Dec 04

CILLA BLACK – “Anyone Who Had A Heart”

Popular67 comments • 5,712 views

#164, 29th February 1964

“Anyone who had a heart would love me too”. When Cilla Black sings it, this is not a request. Dynamic to be sure, but this song requires its singer not to lose the vulnerability when they turn up the volume, and Cilla never pulls that off. Her demand to be loved is almost bullying in its stridency. And the British public listened, making this the best-selling single by a British woman and making Cilla Black a star.

And there’s the trouble. On paper the story of the hat-check girl turned pop star is wonderful, in the real world it ends up at Blind Date, which of course as a sensitive boy I despised. (And even now I’ve sluiced out most of the virginal bile that prompted such hate, the thought of the program makes me wince). It’s terribly unfair on the Cilla of ’64 to hold the Cilla of ’89 up as prosecution evidence, but I can’t help it. Playing this song I don’t just hear a young woman with a remarkable ability to shift voices, I hear Cilla Black accessing her own future, the full-on parts a preview of the prime-time caw that blighted my Saturdays.



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  1. 1
    Anonymous on 27 Mar 2005 #

    Have you ever listened to Dionne Warwick’s version? It’s total crap compared to Cilla’s. I hear what you’re saying about Cilla’s strident voice – but Dionne’s in comparison is totally insipid!!! Personally, I love the Cilla version. It totally deserved to be the huge hit it was.

    Cheers :-)

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    Anonymous on 26 Jan 2006 #

    Doctor Mod says–

    To whomever made the previous comment I can only respond with bewilderment. Dionne Warwick was surely one of the finest singers of the 1960s, and certainly Burt Bacharach choice to sing the song. She set the standard for it.

    If you’d rather hear a Brit girl singing it, try Dusty Springfield. I’d give her a slight edge over Dionne–Dusty’s rather more impassioned. But Dusty didn’t have to sound as if she were strangling herself in order to convince us of deep feeling like Cilla did. Let’s face it–Cilla screeched and shouted through most of her material. But then, she never claimed to be a great singer. It was personality that sold her–and a bit of the svengali-treatment from Brian Epstein.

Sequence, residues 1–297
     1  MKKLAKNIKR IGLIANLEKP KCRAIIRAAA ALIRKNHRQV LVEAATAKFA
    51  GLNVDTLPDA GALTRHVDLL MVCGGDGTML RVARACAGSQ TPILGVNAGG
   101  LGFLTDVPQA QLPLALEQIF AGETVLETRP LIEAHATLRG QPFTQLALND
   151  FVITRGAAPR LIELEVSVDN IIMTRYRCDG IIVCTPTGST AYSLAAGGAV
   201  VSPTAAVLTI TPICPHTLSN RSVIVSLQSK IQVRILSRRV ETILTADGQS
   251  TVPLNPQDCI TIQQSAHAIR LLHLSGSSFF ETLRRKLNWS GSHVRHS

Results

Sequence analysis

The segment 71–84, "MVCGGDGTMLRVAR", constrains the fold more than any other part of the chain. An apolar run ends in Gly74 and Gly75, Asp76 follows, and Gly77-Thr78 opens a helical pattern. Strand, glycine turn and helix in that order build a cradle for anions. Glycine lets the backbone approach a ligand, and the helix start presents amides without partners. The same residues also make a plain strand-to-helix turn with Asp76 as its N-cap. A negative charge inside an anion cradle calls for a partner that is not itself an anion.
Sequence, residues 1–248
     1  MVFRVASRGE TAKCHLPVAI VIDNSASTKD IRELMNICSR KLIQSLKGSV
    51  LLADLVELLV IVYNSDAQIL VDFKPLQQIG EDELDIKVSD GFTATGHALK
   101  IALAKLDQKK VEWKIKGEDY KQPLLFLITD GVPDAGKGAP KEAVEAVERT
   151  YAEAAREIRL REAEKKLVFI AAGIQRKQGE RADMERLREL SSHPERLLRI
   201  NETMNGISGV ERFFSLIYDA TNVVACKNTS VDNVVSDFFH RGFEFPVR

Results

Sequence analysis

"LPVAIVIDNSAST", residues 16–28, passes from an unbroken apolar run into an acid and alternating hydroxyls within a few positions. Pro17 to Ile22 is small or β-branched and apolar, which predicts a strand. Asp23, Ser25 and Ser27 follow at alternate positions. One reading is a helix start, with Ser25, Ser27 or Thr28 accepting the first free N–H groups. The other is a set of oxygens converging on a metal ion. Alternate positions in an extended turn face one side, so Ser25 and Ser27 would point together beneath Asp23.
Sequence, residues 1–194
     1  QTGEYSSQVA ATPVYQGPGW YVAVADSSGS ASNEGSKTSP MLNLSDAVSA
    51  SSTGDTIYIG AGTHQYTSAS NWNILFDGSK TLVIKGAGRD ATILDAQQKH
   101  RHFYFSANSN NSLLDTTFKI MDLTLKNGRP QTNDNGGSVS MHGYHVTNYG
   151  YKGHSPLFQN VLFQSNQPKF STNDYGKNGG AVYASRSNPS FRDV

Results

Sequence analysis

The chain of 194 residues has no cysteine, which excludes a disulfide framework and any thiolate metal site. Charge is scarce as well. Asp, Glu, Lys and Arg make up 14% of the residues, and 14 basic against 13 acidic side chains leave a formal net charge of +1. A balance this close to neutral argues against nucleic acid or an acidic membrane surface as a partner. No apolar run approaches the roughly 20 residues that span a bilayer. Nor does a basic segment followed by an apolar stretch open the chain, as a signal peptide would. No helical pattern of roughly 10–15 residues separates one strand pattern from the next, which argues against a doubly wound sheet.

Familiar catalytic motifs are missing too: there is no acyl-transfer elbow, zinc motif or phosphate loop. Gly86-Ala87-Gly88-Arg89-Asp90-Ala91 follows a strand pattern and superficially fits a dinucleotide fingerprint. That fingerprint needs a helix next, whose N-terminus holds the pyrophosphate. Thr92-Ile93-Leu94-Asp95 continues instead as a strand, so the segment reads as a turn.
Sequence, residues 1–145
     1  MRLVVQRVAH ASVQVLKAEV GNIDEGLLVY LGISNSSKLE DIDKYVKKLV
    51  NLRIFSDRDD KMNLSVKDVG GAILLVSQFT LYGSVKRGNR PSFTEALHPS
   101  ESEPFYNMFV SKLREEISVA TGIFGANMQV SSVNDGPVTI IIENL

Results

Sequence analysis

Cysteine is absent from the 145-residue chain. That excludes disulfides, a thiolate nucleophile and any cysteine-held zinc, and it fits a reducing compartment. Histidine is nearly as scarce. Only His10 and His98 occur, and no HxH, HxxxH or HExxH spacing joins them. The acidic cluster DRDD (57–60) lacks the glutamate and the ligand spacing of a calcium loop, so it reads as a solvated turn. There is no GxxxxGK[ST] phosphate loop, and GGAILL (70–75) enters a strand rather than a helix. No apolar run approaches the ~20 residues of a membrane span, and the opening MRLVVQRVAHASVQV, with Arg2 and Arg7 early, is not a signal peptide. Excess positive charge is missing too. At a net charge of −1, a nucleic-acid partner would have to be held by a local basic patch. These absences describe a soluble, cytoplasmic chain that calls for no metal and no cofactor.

Indeed, Sandie Shaw’s curious cover version with BEF offers a much superior interpretation than Cilla could ever muster.

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    bramble on 8 Sep 2006 #

    How anyone can think Cilla Black’s version is better than Dionne Warwick’s is beyond me -in all her covers, Cilla Black tries to copy Dionne Warwick’s phrasing but dismally fails. She was the flavour of the time because she was Liverpudlian, knew the Beatles and could front Saturday night TV variety shows

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    Scott on 25 Nov 2006 #

    I preferred Dionne Warwick’s version ,as it was the original and Dionne had a much better voice and had higher standards!

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    EricMontreal on 1 Dec 2006 #

    From allmusic:

    In the UK a number of Bacharach-David-Warwick songs were covered by UK singer Cilla Black, most notably “Anyone Who Had a Heart”, which went to #1 in the UK. This upset Warwick and she has described feeling insulted when told that in the UK, record company executives wanted her songs recorded by someone else. Warwick even met Cilla Black whilst on tour in the UK. She recalled what she said to her – ” I told her that “You’re My World” would be my next single in the States. I honestly believe that if I’d sneezed on my next record, then Cilla would have sneezed on hers too. There was no imagination in her recording.” [1]

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    Marcello Carlin on 1 Dec 2006 #

    That having been said, Cilla’s Alfie >>>>>>>>>>>>>>>>>>>> Dionne’s Alfie.

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    Phil on 1 Dec 2006 #

    There has always been a conflict over whos version of ‘Heart’ was the best, it comes down to the audience it appealed to, Cilla’s more intense version suited the British music at the time, whilst Dionnes is more smooth and soulful and suited the American market more. Both versions have their merit and both have stood the test of time. As for ‘Alfie’ then I have to say that Cilla wins this one, at first she didnt want to record it but when Burt Bacharach came over to London to supervise it then she was won over.

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    Phil on 1 Dec 2006 #

    Further to my previous comment, I am a lifelong Cilla fan, but I am so glad she didnt bother covering ‘Walk On By’ as it is a fab record by Dionne, I cannot imagine anyone ever topping her version of it, it made the UK top ten but deserved much more.

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    tez on 3 Sep 2007 #